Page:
I think that teachers are a lot like pilot lights….we always have a little flame flickering waiting for something to ignite us so we can heat up our classrooms. I have had some great professional development opportunities lately and I am lit. I have been an imagineer in the Magic Kingdom of PD at FETC, found golden nuggets of wisdom at TCEA in Texas and got some sweet tips and tricks at PETE-C in Hershey, PA.
I keep a Google doc called “Aha moments” to record the highlights of my journeys. I learn just as much presenting as I do being a participant. As I am one of those people that has to be reminded that I even have the world at my fingertips with a camera and Google in my pocket, my aha moments might be a bit less of a splash for you.
Don't re-invent the wheel!
One thing that I always think is eye opening is that we don’t have to invent everything ourselves. Back in the olden days, you may have had a colleague that would share that test or activity that they made up or maybe they wouldn't. The thing is that technology has made it very easy to share with the world, and not just for those people who are willing to stand up in front of the crowd and present. With web 2.0 sites, everyone has the opportunity to easily share what they do in the classroom…so you don’t have to “reinvent the wheel.”
Use Web 2.0 Libraries and Galleries
A lot of the popular web 2.0 tools that are out there give people the opportunity to make their work public. Before you use one of those tools, take a look in the “libraries” or galleries that already exist in a lot of these tools. At best, you will find something you can use tomorrow, at the very least; you will find a model or example you can build off of.
Here are some prime examples:
Livebinders are a great way to organize links, pictures, and information on a topic that kids can use in class or at home. There is a vast library of Livebinders that teachers have made and shared in their library. Check out this timely one on US Presidents for kids or Web 2.0 Tools for Reluctant Writers, Common Core Middle Grades Math which features a great tab for students! Click on the featured binders tab and go through the list of topics on the right hand side to find a binder that suits you.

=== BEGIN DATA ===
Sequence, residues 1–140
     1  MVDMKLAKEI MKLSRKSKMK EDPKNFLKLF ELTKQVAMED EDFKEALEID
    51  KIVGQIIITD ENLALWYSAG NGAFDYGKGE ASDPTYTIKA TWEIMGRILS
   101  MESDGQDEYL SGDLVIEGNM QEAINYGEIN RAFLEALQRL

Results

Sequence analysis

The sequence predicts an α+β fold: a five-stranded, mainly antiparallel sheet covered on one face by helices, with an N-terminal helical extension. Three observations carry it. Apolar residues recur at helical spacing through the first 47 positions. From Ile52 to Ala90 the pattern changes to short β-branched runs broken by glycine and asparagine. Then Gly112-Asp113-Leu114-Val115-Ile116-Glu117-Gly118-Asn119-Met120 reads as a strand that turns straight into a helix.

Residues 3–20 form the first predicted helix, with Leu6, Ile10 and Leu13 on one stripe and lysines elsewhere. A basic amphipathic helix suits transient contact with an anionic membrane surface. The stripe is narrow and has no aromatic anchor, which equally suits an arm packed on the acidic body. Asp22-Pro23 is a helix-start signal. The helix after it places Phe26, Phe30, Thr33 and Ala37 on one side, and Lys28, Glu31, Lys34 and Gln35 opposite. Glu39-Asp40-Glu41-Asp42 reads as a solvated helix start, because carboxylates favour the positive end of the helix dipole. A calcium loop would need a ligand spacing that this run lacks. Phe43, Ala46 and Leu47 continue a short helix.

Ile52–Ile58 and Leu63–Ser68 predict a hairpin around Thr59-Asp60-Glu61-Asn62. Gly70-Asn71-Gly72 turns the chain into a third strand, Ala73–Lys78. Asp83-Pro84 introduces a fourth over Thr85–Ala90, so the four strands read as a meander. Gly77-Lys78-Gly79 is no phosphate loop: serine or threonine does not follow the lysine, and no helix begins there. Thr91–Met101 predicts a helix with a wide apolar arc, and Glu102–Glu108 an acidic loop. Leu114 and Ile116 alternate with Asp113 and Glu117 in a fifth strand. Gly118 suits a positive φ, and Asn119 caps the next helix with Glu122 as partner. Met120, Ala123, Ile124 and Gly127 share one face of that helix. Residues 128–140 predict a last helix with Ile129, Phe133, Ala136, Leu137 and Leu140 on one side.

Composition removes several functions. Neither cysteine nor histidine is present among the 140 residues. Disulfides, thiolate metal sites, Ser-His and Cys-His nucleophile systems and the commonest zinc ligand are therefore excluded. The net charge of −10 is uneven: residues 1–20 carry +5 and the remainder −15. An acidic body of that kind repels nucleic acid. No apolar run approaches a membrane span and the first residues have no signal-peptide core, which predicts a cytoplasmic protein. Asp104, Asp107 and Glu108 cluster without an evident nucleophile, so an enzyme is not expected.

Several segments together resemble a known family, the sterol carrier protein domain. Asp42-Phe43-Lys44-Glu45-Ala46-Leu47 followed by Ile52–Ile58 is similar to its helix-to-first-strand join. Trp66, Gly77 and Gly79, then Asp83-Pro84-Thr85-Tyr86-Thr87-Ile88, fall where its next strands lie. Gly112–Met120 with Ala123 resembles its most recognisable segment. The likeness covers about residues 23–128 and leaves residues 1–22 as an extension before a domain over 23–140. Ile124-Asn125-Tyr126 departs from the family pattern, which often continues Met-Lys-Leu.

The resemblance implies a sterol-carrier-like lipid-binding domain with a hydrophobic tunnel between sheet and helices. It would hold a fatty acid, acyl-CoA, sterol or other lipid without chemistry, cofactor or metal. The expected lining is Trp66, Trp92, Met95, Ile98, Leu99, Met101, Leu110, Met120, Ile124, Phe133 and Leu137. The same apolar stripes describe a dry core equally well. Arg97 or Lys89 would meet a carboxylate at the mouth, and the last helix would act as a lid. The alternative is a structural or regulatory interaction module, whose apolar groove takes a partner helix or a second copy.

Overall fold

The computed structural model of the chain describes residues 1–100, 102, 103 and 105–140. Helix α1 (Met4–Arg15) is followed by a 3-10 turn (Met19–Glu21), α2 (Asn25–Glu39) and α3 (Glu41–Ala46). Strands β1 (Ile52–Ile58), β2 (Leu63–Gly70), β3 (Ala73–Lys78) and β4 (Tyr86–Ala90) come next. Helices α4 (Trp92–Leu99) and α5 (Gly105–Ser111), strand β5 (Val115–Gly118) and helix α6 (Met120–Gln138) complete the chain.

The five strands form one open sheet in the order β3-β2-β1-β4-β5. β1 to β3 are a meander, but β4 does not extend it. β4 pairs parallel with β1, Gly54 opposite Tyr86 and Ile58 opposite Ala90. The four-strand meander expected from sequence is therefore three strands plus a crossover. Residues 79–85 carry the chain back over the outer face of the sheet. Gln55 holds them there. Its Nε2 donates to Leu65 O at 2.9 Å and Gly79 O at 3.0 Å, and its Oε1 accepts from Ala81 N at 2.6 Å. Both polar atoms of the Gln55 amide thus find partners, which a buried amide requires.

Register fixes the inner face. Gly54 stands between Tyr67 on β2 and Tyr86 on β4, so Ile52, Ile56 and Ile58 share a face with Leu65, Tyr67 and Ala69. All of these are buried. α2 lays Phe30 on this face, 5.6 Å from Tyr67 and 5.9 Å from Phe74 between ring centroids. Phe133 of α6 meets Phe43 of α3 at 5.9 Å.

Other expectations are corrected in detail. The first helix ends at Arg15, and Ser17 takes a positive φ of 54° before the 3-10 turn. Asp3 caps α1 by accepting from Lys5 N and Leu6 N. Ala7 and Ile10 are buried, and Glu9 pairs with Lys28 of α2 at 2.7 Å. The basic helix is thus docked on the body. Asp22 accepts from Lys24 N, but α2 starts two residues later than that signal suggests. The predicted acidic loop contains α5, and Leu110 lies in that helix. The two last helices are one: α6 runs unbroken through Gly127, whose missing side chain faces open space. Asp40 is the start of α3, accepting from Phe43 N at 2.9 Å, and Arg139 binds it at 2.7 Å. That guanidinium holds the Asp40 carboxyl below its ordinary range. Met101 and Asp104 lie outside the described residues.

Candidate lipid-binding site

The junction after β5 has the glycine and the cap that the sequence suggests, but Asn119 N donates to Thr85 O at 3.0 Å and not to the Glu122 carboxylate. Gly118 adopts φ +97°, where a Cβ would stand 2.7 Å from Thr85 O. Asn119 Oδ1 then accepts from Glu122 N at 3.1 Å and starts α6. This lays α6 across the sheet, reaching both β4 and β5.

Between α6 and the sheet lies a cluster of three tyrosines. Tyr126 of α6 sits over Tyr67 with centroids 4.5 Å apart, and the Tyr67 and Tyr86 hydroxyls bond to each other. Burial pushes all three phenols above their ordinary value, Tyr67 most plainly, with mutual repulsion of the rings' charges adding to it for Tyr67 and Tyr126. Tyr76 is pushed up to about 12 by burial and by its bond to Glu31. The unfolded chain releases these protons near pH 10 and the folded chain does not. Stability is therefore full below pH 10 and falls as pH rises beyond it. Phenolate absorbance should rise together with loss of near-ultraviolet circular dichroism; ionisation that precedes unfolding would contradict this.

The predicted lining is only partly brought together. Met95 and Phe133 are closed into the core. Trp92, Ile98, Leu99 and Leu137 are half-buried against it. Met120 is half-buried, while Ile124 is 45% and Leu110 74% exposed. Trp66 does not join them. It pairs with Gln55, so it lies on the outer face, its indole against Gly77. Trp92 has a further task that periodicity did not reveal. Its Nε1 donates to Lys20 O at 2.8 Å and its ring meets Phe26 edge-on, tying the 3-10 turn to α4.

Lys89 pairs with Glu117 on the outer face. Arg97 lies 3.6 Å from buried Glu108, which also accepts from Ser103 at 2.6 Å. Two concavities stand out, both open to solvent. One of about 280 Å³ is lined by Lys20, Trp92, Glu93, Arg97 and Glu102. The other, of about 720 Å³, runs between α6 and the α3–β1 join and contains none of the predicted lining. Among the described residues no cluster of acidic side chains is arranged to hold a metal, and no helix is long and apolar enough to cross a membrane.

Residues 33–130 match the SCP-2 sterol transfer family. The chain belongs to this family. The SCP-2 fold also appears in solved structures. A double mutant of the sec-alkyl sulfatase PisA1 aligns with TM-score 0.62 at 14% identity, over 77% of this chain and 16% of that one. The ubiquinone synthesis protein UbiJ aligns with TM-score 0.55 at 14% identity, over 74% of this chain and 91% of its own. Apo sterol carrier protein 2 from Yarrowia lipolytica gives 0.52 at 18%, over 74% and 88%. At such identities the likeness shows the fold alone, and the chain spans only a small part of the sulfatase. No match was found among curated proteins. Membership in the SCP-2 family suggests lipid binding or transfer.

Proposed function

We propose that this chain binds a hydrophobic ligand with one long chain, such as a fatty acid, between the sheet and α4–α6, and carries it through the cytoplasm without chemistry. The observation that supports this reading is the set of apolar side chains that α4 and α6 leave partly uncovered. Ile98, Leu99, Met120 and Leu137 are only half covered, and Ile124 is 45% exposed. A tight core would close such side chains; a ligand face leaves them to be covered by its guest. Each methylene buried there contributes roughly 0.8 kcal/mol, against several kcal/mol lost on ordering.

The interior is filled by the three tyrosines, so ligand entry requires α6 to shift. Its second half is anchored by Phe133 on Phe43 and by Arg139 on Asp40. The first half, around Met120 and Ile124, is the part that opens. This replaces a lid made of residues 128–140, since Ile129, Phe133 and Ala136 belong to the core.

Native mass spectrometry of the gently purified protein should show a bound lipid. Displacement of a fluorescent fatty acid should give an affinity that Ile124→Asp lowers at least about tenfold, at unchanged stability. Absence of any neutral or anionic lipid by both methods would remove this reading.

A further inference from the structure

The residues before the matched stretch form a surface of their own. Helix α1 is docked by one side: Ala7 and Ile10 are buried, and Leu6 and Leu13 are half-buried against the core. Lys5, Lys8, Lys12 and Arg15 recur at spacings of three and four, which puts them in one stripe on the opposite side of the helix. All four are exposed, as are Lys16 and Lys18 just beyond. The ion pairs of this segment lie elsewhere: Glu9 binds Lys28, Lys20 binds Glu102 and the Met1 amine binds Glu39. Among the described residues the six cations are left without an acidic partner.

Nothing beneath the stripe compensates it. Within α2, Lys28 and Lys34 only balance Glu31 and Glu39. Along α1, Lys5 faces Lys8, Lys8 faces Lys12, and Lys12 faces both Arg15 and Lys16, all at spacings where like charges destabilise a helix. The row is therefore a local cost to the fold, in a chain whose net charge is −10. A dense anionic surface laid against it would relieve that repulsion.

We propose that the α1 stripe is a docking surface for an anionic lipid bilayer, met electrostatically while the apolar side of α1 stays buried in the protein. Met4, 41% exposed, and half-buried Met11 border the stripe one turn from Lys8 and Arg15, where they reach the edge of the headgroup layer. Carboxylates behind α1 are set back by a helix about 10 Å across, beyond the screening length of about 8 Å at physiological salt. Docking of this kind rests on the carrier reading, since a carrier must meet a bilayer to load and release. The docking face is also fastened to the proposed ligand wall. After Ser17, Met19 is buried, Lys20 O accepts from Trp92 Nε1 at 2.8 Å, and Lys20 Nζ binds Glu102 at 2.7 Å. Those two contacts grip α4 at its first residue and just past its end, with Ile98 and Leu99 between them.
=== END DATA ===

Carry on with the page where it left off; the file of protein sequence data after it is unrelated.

Edcanvas is another way to present pdfs, photos and text, videos, etc. on a canvas – again that students can use in class and have access to at home. Check out some of the featured canvases in the gallery in each subject area: Photosynthesis, Physical Geography, How Big is Infinity?
Interested in flipping your classroom? Get your students registered into Collaborize Classroom (it’s free!) and check out the great library of critical thinking questions based on short videos, photos, literature, science social studies, etc. Register here for your own private classroom.
Ed.ted.com is another way to flip your classroom – great short videos are accompanied by simple questions and critical thinking prompts. Once again, there is a library of videos and a quick and easy format so that you can make them your own. Take a look at the Case to extinguish the words Good and Bad or the 3 Minute Guide to the Bill of Rights. You can even get professional animators to visualize your concepts.
The SCAN tool at TregoED, which helps students learn how to see different perspectives and a write argumentatively, has a library of scenarios with built in problems to solve based on historical or current events for online discussions using the SCAN critical thinking strategy. A great way to get them thinking and writing on hot topics.
Bottom line is that web 2.0 tools are by nature tools that we add content to and share! Take advantage of the collaborative nature of these tools, read, revise and reshare! It is a great way for all of us to ignite our classrooms.